NUEX, with a name drawing from the French word for “heavens, sky, clouds”, materialize a dreamy vibe with dark, mysterious undertones. Their lyrics reflect the moodiness of their tunes– a “serendipitous” occurrence that is said to draw on inspiration on the moody contemplations of life and its sometimes ugly outcomes. I had the chance to get a peek into the headspace of these two new artists and catch up with them about the creation of their latest EP, Affectus. See what they had to say below:

TMN: The dark and emotive mood that comes through in your music isn’t something I hear all too often. How did you come to land upon this sound for your musical identity?

Camille: I think Teddy and I just share an inclination for depth and profundity that naturally comes across in his production and in my lyric writing. Purely serendipity to me! We never *tried* to be deep or moody, we just both see music as an outlet to have those conversations.

Teddy: I agree with her 100%. We both have incredibly diverse taste in music, from funk to classical. I’m not sure why our music turns out the way it does but 80% of the time, when I lay hands on the piano and we begin writing a song, it just turns into the more moody dark sound. I guess it’s our bodies way of getting out our own “dark passengers”.  

TMN: I feel like I hear a little bit of Kavinsky or maybe even Gesaffelstein in your music. Can you share some insight on your influences and inspirations?

Camille: The Kavinsky reference is fabulous, he is one of my favorites. I won’t bore you with my musical influences, too exhaustive to list! So I’ll pivot and say one of my deepest influences is the ugliness of human emotion. I know it sounds vague or maybe pretentious, but I use music and songwriting as a way to explore and question those baser, nastier and darker emotions and to draw some meaning and purpose from them. And then the end product is a lyric or a melody or a song, a way to beautify what is otherwise difficult to feel. Calling the EP Affectus, Latin for emotion/mood, is symbolic of that process.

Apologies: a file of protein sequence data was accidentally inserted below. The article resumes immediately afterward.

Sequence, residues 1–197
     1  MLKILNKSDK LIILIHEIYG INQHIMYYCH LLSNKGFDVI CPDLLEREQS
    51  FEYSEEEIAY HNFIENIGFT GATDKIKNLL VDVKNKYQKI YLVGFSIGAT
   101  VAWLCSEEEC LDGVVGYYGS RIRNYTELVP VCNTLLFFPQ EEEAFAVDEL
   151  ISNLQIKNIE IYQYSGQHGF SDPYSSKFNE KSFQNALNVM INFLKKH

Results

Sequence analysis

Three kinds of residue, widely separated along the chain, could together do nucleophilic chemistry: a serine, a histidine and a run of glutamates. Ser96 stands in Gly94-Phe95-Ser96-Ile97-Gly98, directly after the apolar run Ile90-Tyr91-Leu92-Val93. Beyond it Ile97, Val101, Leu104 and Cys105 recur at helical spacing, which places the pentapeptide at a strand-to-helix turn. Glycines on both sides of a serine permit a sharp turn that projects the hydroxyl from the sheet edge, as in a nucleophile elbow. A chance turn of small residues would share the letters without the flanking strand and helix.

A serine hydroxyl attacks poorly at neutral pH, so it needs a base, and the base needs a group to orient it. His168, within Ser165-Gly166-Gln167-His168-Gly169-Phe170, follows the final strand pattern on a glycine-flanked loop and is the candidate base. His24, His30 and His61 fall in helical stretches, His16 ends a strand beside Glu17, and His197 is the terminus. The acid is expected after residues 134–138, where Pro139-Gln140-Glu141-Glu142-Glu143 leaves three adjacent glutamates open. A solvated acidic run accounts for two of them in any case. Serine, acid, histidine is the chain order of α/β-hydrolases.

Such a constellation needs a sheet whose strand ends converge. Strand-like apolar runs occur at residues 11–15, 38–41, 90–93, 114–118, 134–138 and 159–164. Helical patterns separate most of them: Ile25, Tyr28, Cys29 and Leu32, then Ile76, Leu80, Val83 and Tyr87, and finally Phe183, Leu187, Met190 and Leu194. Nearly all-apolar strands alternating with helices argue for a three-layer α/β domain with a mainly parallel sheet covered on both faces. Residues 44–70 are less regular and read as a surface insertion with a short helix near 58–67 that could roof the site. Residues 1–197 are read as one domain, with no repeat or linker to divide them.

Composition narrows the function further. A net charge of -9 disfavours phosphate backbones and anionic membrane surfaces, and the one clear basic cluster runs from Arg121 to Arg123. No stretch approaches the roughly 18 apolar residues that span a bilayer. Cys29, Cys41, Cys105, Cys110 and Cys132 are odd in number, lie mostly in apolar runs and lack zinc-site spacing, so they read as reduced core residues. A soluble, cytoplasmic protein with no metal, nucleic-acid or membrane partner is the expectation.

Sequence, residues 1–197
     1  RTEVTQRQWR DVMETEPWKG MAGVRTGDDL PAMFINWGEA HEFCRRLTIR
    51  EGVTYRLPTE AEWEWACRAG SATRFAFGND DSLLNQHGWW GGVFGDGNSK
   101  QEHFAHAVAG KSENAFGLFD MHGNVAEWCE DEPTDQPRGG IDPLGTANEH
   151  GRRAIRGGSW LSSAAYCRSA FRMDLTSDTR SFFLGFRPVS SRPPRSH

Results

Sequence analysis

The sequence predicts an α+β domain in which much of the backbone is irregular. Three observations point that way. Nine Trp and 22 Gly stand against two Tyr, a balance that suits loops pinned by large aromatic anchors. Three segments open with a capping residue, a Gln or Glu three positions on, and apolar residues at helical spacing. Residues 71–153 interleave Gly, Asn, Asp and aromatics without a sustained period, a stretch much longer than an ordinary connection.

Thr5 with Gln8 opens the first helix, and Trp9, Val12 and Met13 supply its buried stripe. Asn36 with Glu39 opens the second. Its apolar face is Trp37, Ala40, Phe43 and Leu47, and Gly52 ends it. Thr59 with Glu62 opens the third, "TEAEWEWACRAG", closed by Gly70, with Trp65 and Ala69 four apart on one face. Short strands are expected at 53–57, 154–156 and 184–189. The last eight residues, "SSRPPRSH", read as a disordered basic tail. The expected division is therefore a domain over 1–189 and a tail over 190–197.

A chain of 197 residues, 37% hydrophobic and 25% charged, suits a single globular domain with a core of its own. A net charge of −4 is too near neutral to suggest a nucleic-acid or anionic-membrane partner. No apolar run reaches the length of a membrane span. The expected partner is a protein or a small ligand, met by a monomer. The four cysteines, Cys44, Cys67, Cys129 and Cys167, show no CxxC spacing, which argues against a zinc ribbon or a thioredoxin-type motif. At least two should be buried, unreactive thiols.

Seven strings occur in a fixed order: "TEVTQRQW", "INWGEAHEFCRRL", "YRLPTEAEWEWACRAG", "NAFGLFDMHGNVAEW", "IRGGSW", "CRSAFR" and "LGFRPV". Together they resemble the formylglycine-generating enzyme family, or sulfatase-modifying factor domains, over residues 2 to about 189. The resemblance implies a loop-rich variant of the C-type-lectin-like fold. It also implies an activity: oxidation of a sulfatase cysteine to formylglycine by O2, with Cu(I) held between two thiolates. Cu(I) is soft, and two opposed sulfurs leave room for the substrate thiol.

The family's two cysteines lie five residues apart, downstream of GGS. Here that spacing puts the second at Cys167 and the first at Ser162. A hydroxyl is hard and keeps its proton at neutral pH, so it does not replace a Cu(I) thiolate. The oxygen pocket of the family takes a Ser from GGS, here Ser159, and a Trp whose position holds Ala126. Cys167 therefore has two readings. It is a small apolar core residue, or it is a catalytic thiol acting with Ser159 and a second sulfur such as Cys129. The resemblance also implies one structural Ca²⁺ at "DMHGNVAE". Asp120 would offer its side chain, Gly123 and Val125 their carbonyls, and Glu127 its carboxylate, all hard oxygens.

TMN: How did you two meet and decide to make music together?

Camille: One very vague posting on Craigslist! And to be honest, the start was very rocky, with Teddy and I trying to reconcile our wants and our style. The only thing that really solidified us as a duo was when I wrote Lights Off. Then I was like “Ok, wow, I like this and I like this direction.” Never looked back.

Teddy: Yea, I agree. When I first sent her the song, I don’t think she was really feeling it. I wrote it with a different genre in mind I think.  We weren’t sure of our sound or what direction we were going. We just knew wanted to make music. But once I heard what Camille had done to the song, I knew we had something magical.

TMN: What’s your creative process like when it comes to recording new songs?

Camille: I wish I could say we always sit down together in the same room and vibe off of something, which we sometimes do. But honestly we do a lot of things remotely, both because we are busy and because we enjoy creating in solitude. So Teddy’ll send me some music he created by himself, I will write to and record it by myself, and then it becomes what you hear on the EP, a combined identity of its own.

Teddy: Yea, I think it’s mainly because we love doing what we do in solitude. We still do create together and do a lot of things together. But I think we just enjoy being alone when we create. Also there is something fun about creating something and going to your partner in crime and being like “check out this thought or sound. Lets build on it”. Then we go back and forth in our own space and make it happen. Maybe we both have a lot of anxiety and silly thoughts and creating is our way of dealing. So it feels more natural for us doing it the way we do.  

TMN: Some of your lyrics are pretty heavy stuff. What’s the inspiration behind them?

Camille: Life. And how wack it can be. And how beautiful it can be. And how in-between those two things it usually is. One of our main themes as a band is space and the Universe. I write a lot from the perspective of trying to marry mundane human happenings to something larger than life, hoping to make our experience here seem more meaningful than it appears.

TMN: Is there anything else you’d like the listeners to know about Affectus?

Camille: That it took four years for it to get here! Such a long journey. Like it’s only five songs, but behind it all–so much blood, sweat and tears. Also that it is merely our introduction to the world. We have plenty else in store and are excited to be kicking the door open now.

Teddy: The music does the talking.  *said in a Michael Jackson voice* Continue reading

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[Music Video] Kllo – Potential